Who Are You Rubbing Shoulders With? …and What is Rubbing off?

There are probably two things that can affect your personal growth. In the Bible it says quite honestly ‘Do two people walk together unless they have agreed to do so?’ (Amos 3:3 NLT). Do you find yourself doing things that you are not happy doing? Just consider how your actions speak so much louder than your words. Remember what it says in Matthew 21: 28-32.

Consider this:

1) The relationships that you have with others can lift you, level you, or lower you. Recently in a UCB daily reading it told two short stories; In the first story it tells of a lady who wrote this letter to an advice columnist: ‘In my last year of school my English teacher took an essay I’d written and tore it apart in front of the class. I was humiliated – I felt dumb. That was years ago, and I’ve never forgotten it.’ In a few short seconds the wrong person diminished this woman’s sense of self-worth for a lifetime. I am sure many of us look back to a time where someone’s cruel actions have hurt us for a long time; but on the counter-balance there are a many people who are for us and not against us. There are people all around us who seek the best for us and encourage us. We all have the choice – are you an encourager (Philemon 1:7 NIV) or a discourager?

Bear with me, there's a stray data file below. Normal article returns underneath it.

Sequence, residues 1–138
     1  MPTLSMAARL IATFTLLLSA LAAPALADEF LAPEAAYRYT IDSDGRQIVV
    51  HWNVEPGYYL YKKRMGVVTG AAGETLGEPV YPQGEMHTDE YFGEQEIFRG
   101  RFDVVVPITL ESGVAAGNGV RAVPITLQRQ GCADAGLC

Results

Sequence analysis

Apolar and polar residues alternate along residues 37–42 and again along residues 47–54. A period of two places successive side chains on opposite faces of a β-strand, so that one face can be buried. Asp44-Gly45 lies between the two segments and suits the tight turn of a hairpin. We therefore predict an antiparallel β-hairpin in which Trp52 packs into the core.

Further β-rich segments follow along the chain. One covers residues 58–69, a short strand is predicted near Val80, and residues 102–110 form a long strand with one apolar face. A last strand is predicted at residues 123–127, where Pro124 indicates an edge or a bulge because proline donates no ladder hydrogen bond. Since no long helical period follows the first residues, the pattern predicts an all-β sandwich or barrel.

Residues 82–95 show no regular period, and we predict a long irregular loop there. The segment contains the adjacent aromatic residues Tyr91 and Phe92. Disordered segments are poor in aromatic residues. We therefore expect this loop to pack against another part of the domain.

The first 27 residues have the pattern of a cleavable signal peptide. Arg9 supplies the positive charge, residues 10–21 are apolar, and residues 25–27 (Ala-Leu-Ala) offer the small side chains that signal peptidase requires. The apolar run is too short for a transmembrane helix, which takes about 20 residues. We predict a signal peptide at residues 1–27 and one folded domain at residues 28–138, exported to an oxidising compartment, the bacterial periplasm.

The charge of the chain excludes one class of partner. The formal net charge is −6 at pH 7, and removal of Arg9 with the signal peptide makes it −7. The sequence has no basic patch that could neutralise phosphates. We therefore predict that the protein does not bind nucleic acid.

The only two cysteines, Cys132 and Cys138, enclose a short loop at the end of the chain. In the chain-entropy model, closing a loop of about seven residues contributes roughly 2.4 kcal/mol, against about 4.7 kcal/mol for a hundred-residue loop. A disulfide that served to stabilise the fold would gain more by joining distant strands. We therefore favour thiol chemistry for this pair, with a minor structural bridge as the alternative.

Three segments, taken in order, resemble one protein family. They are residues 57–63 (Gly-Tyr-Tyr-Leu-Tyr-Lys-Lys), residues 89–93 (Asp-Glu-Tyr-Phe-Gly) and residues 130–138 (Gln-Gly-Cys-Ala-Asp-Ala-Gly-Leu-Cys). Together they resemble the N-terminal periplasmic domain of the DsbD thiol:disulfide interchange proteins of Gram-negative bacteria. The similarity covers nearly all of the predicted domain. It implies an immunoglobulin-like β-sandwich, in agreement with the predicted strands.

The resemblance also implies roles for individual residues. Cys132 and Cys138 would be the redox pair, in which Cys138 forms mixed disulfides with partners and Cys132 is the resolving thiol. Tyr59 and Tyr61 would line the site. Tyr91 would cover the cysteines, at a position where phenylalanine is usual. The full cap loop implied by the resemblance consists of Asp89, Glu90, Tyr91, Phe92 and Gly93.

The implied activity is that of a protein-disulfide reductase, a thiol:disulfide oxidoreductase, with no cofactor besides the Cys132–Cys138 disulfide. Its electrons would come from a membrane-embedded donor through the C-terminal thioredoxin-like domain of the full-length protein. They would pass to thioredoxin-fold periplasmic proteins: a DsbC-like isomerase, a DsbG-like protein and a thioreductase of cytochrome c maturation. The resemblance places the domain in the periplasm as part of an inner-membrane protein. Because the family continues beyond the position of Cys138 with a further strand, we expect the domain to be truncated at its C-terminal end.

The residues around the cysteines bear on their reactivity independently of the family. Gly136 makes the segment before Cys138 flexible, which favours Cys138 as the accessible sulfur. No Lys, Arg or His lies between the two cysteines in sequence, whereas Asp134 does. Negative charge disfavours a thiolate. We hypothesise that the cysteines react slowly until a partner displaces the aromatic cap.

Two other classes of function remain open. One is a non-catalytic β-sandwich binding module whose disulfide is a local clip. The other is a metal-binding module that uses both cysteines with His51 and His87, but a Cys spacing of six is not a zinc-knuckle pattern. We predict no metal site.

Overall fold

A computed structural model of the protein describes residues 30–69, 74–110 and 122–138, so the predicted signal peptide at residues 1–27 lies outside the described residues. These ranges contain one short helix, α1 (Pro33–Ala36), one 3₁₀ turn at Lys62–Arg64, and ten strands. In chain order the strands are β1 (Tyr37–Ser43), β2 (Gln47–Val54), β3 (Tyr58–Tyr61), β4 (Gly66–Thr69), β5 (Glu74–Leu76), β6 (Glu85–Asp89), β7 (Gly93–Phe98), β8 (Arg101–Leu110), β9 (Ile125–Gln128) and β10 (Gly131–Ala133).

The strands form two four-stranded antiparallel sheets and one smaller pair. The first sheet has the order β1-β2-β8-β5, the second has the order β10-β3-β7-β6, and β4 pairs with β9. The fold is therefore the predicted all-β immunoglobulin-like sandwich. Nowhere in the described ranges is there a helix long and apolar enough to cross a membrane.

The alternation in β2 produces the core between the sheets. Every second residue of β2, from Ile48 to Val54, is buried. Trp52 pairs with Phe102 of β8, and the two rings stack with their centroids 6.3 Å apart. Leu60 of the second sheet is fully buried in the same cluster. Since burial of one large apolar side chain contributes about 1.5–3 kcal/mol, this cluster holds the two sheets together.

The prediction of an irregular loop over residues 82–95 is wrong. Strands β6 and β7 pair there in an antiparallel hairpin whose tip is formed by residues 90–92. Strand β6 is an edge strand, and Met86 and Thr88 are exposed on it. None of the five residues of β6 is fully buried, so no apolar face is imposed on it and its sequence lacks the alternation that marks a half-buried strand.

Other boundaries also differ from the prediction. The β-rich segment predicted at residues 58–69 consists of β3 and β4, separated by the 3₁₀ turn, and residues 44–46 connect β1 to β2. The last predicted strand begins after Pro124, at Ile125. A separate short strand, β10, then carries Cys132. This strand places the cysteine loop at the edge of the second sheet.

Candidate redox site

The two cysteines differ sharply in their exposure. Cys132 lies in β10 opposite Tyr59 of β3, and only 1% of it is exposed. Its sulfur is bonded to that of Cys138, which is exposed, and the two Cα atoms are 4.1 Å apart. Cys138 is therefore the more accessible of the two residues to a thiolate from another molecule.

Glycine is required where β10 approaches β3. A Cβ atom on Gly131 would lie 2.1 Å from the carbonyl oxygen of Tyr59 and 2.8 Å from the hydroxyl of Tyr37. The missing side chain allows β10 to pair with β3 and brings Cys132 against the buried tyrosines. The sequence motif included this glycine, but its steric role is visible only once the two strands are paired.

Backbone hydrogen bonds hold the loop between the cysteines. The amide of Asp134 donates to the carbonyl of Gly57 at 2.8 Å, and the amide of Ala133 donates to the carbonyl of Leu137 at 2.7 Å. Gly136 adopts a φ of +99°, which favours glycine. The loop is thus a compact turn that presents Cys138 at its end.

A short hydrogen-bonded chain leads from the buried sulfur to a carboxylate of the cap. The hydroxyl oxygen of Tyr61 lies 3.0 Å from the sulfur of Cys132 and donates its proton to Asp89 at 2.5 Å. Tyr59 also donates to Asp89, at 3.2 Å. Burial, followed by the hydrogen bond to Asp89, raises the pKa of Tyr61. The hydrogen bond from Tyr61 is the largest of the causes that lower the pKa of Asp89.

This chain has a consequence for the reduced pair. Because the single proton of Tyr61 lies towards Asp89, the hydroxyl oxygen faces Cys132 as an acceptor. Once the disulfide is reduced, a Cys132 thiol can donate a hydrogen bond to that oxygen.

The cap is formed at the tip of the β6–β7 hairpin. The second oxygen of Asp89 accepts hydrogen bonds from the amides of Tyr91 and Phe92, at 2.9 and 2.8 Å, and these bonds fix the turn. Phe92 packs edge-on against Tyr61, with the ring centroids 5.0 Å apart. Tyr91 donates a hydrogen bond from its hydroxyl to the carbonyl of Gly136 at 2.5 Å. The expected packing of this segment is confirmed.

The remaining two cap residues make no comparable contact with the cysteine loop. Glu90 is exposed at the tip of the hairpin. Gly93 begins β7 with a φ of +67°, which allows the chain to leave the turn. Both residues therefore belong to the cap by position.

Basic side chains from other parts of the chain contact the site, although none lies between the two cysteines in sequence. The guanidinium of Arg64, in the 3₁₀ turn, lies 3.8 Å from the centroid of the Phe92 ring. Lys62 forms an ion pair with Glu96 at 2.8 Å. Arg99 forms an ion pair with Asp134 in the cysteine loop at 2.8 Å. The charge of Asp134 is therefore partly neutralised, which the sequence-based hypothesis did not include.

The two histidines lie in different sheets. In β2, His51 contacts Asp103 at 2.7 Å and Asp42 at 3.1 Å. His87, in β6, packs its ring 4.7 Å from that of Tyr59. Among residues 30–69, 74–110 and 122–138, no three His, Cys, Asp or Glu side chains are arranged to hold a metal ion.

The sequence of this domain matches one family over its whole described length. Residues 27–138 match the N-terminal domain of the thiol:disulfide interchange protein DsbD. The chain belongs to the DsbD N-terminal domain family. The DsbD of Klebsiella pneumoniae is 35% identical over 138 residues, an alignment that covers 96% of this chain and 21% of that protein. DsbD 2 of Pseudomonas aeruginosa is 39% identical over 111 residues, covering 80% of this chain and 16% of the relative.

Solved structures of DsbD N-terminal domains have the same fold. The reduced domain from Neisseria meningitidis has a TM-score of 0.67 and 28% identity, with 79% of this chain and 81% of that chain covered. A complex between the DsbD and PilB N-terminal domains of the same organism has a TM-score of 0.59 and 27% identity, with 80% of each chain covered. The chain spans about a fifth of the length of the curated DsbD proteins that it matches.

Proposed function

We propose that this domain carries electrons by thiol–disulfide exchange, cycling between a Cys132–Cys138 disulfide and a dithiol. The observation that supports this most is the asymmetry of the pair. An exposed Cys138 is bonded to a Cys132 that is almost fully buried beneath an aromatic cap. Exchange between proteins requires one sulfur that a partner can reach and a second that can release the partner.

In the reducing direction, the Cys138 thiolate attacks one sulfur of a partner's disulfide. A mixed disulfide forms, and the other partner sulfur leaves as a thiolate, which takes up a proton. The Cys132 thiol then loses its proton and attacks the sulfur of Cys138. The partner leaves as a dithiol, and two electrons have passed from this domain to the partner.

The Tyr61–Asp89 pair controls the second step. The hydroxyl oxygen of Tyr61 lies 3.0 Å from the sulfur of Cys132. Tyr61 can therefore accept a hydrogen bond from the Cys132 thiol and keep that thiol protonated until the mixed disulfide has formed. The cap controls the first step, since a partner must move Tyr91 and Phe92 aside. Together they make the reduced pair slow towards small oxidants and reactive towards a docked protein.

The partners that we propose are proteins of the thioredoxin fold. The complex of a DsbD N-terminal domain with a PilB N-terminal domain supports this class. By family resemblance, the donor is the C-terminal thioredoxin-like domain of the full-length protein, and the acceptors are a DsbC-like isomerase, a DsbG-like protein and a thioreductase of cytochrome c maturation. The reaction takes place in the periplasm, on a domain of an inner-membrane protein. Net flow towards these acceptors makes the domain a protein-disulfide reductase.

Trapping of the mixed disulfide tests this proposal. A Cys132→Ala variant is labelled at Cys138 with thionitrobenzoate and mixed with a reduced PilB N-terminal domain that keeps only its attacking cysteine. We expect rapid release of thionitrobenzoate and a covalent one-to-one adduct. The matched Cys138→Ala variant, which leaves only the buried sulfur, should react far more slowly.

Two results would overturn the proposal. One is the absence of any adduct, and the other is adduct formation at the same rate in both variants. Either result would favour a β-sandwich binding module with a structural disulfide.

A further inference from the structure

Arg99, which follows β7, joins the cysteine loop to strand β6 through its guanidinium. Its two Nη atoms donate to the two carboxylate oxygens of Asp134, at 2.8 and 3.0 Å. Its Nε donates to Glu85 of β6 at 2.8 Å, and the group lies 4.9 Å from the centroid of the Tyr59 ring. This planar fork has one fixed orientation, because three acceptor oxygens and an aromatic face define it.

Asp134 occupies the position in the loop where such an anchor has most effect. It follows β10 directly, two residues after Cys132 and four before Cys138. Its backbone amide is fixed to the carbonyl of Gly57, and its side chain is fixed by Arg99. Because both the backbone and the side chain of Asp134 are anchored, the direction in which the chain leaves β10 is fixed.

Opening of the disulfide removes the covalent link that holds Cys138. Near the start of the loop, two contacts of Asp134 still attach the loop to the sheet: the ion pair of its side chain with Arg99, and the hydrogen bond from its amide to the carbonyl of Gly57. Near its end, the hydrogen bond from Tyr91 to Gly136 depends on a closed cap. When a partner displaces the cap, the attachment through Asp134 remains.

2) The second thing that can affect your personal growth is your reflections. The second story in the daily readings tells of a Sunday school teacher who asked a little girl, ‘Who made you?’ she replied, ‘God made part of me.’ The teacher asked, ‘What do you mean?’ The little girl replied, ‘God made me little – and I growed the rest of myself.’ God holds us responsible for our personal growth. The Psalmist wrote, ‘I have more understanding than all my teachers, for I meditate on your statutes’ (Psalm 119:99 NIV). The word ‘meditate’ indicates ‘reflective thinking’ as a positive action. Like a slow cooker, meditation allows your thoughts to slowly simmer until they’re done. Most of us would rather act than think. But as Socrates observed, ‘The unexamined life is not worth living.’ Reflective thinking is uncomfortable for a variety of reasons. For instance, we have difficulty staying focused. We find the process dull, and we don’t particularly enjoy spending time reflecting on difficult issues. But if you don’t carve out time for reflection and meditation, you won’t mature. You won’t grow in the ‘grace and…knowledge’ you need to succeed.

Learn to take a little time to think about what you are doing. Rather than rushing straight in; take time to make a ‘good’ decision. It might not always be the same decision you would have made minutes earlier but at least you will know why you are doing something.

2018-11-14T22:17:54+00:00